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Old 02-04-19, 01:14 PM
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Originally Posted by JoeyBike View Post
I always glance into my Take a Look mirror while walking. It ain't there, but I look anyway.
Me too!
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Old 02-04-19, 05:17 PM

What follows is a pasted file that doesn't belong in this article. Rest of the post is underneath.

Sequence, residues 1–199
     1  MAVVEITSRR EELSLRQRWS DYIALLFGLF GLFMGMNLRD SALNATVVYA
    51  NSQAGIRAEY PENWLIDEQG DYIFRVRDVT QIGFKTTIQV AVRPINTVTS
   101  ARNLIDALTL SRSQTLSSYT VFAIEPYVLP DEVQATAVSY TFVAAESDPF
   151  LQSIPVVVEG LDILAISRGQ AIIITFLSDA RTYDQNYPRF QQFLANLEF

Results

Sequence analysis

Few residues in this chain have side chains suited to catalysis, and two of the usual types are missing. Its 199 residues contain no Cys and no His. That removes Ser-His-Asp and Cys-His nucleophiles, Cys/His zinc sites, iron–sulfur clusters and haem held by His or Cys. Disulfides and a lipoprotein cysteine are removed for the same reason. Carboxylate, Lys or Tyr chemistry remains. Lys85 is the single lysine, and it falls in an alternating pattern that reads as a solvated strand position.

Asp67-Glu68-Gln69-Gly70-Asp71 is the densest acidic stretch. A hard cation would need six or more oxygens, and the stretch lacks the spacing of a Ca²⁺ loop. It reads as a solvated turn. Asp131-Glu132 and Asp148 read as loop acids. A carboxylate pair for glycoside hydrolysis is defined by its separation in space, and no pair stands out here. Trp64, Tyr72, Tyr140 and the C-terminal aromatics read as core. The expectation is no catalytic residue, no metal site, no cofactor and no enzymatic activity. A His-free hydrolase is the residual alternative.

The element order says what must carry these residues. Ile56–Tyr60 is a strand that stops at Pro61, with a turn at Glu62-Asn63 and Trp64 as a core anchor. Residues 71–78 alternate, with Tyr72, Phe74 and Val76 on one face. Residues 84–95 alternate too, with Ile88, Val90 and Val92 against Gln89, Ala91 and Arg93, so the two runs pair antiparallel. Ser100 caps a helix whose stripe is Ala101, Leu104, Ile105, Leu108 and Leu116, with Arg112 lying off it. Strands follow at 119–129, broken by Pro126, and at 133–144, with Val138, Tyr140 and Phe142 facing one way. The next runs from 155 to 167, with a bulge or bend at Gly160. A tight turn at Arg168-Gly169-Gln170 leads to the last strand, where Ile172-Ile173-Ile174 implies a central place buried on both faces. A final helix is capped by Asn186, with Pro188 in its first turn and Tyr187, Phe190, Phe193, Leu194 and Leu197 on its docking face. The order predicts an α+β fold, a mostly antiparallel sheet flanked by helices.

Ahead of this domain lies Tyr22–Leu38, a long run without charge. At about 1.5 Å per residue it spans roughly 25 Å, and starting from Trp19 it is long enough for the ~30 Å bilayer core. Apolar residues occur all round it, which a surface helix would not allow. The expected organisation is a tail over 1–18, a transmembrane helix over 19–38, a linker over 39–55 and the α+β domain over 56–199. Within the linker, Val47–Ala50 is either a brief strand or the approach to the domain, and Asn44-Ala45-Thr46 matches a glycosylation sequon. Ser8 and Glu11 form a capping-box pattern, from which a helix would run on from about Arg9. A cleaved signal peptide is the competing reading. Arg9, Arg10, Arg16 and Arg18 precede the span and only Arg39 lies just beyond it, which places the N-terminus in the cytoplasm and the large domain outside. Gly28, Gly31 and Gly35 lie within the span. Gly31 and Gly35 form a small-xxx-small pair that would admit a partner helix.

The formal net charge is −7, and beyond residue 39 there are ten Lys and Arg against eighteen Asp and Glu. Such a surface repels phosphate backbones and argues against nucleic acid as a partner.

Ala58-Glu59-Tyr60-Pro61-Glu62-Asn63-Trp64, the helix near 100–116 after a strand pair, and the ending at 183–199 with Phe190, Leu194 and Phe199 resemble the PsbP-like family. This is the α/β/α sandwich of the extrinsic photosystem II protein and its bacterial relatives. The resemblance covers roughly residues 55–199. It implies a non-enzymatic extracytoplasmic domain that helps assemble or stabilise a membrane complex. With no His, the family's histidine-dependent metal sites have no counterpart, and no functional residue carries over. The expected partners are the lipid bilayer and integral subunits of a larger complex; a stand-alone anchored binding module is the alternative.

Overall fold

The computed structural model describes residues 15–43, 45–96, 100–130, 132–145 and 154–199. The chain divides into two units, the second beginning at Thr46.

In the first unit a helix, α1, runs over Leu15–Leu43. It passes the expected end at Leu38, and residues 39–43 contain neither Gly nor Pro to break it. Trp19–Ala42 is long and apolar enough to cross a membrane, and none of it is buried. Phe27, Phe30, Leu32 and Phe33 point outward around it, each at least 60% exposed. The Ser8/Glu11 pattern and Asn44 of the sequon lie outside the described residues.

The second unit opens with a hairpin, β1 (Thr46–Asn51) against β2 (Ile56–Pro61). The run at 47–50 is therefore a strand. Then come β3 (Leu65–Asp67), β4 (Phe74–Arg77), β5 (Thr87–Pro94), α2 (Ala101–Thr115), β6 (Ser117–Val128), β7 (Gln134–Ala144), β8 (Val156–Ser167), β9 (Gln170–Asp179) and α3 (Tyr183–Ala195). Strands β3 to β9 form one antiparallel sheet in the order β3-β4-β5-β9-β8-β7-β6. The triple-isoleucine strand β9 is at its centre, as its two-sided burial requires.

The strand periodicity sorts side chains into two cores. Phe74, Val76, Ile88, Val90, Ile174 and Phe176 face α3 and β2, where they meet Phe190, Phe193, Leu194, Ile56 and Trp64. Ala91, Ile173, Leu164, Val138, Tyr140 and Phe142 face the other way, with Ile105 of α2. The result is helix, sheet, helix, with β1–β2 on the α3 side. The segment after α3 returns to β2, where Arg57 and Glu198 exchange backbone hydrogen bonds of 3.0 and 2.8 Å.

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Curiosity finally got the better of me. After reading the o.p. twice and several of the follow ups ... well ... the problem as I see it is that anyone sees this as a problem! "No matter how far left I move, they just go farther left ..." And? I didn't realize that the goal was to keep cars from passing, so much as to care that they pass safely. You are NEVER going to get a motorist who sees enough room to pass (and not hit you) to wait any reasonable (or unreasonable) amount of time behind you unless they happen to be that way inclined by personality. I would actually rather they pass. It was WRONG to ever insist that drivers give cyclists 3' or whatever outrageous passing statutes have been set in your locale. What should have been done is what they do in Europe: the overtaking motorist must not be going faster than 19mph while overtaking a cyclist no matter what the posted speed on the road being traveled. 19mph has been determined to be the speed where a cyclist, even if struck, and even if traveling at 0 mph, has a good chance of surviving the collision. But ... that is what 'should have' been done. It wasn't. Neither was the enforcement of the rules that are in place as is done in Europe. You hit a cyclist in Europe and your driving days are over. There is simply no excuse that you can offer for doing so that will pass muster in court. So the American cyclist must cease becoming upset at what American drivers do and figure out best practices to work within the behavioral parameters known to exist. Drivers don't want to hit you (well, most of them don't) but they don't want to be delayed by you either. If there is a way past you they are going to exploit it. Give it to them! Let them pass. Encourage passing. Facilitate passing. If that travel lane really isn't wide enough for a bike AND a car ... I'm afraid that means that you can't use it. Sometimes finding another route is worth the extra time. But if you use the road train yourself to not see it as too narrow. Expecting that cars will wait behind you unless the lane is marked as a 'sharrow' (shared roadway) is to invite frustration, fear and make for a fraught riding experience. Yeah, that thread title is telling. The first paragraph is telling. Once again, the short answer is simply, "Nothing". There simply isn't anything cyclists are going to be able to do to stop cars passing if they can. Learn how to make it not ruin your day. That's the best I can offer.